Ship Model United States Victory

United States Victory was constructed in 1944 for wartime cargo service at the California Shipbuilding Corporation, which was created specifically for the WWII shipbuilding effort. It measured 455 feet 3 inches in length, 62 feet in beam, and 10, 757 tons. United States Victory was used as a troopship during the war and in 1945/46 it exchanged prisoners, taking German POWS to Le Havre, France, picking up American troops in Bremerhaven, Germany and returning them to the United States. In 1947 the ship was sold into private ownership. It was scrapped in 1971.
The WW2 Victory ship was built to carry more cargo and operate faster than the earlier Liberty Ship. The first Victory was delivered in February 1944; by November that year, 82 of them were commissioned. After Pearl Harbor, many Victory ships were converted to transport vessels, and they saw heavy service in the Pacific. Liberty ships were designed for fast mass construction to meet the demand for the cargo space necessary to supply allied forces abroad. They were manned by merchant marine crews and also carried naval gun crews. After the war, some of the ships were scrapped, but many others were sold as surplus property and used to transport products around the world.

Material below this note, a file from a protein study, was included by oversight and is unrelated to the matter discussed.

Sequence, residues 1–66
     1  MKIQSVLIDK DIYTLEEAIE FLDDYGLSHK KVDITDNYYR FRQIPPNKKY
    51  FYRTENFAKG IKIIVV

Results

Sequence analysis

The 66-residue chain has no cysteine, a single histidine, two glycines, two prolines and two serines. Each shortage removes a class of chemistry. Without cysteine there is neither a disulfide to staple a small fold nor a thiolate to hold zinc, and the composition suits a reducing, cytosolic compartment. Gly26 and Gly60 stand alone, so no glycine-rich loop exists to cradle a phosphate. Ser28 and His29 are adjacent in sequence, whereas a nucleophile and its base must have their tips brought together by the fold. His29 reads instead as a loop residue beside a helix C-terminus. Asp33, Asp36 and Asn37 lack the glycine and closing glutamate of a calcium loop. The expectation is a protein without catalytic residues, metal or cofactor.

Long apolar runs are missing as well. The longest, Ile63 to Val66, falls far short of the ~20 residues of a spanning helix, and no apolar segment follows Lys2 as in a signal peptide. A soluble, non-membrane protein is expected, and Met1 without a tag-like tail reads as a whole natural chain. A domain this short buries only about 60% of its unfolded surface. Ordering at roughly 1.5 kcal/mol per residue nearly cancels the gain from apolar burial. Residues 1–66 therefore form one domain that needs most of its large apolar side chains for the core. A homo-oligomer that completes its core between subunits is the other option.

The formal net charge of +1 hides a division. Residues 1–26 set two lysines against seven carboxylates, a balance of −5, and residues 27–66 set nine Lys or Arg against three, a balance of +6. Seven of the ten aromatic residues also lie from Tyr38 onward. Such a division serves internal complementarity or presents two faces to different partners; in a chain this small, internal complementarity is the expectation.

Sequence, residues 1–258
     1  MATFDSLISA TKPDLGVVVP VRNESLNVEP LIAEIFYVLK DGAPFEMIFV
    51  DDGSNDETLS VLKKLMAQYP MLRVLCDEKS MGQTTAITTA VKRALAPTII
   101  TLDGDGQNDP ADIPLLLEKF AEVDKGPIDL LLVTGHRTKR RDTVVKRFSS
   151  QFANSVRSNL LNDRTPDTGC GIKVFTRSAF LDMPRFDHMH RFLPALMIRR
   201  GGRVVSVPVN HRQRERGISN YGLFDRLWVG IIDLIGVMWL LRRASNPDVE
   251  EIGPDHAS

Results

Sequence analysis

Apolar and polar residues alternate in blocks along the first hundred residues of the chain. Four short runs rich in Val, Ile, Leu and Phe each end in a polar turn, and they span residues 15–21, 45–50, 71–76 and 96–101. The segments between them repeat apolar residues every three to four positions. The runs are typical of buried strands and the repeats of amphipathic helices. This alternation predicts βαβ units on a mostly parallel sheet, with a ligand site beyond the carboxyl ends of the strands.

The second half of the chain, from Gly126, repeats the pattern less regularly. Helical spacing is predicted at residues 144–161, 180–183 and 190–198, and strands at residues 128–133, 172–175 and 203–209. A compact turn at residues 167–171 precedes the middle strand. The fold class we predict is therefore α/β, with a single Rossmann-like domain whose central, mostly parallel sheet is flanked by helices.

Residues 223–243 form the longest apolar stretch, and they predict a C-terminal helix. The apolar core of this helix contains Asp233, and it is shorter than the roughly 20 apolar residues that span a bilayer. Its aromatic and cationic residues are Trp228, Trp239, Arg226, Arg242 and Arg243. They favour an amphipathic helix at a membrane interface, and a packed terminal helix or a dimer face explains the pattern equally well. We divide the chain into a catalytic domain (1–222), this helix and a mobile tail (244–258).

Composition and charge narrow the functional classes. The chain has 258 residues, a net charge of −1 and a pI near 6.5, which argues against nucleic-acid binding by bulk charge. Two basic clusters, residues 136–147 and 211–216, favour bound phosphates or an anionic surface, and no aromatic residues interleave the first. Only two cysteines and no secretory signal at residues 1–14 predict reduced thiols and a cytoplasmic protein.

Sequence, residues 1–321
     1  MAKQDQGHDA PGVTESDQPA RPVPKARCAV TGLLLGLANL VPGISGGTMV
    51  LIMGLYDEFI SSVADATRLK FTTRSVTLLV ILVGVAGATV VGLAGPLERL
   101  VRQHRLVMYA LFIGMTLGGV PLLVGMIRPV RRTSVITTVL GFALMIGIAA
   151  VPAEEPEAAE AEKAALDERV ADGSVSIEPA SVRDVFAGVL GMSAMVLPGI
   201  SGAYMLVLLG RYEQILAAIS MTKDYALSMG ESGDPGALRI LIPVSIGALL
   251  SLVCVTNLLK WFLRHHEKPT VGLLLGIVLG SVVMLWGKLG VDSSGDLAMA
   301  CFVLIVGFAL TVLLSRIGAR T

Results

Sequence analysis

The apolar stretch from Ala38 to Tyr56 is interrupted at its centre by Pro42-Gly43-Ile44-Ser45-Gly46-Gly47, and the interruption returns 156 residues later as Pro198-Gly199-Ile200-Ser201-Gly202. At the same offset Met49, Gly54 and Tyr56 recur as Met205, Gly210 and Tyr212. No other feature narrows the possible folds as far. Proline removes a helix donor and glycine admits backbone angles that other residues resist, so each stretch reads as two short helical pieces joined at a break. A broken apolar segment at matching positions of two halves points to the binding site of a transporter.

This model was built by the Boucher Model Company of New York in 1946 and acquired by the Insurance Company of North America by 1950.
Currently not on view
date made
Boucher, Fred
Physical Description
wood (overall material)
plastic (overall material)
metal (overall material)
overall: 14 in x 56 in x 9 in; 35.56 cm x 142.24 cm x 22.86 cm
hull: 6 1/2 in x 56 in x 9 in; 16.51 cm x 142.24 cm x 22.86 cm
ID Number
accession number
catalog number
Credit Line
Gift of CIGNA Museum and Art Collection
See more items in
Work and Industry: Maritime
Data Source
National Museum of American History


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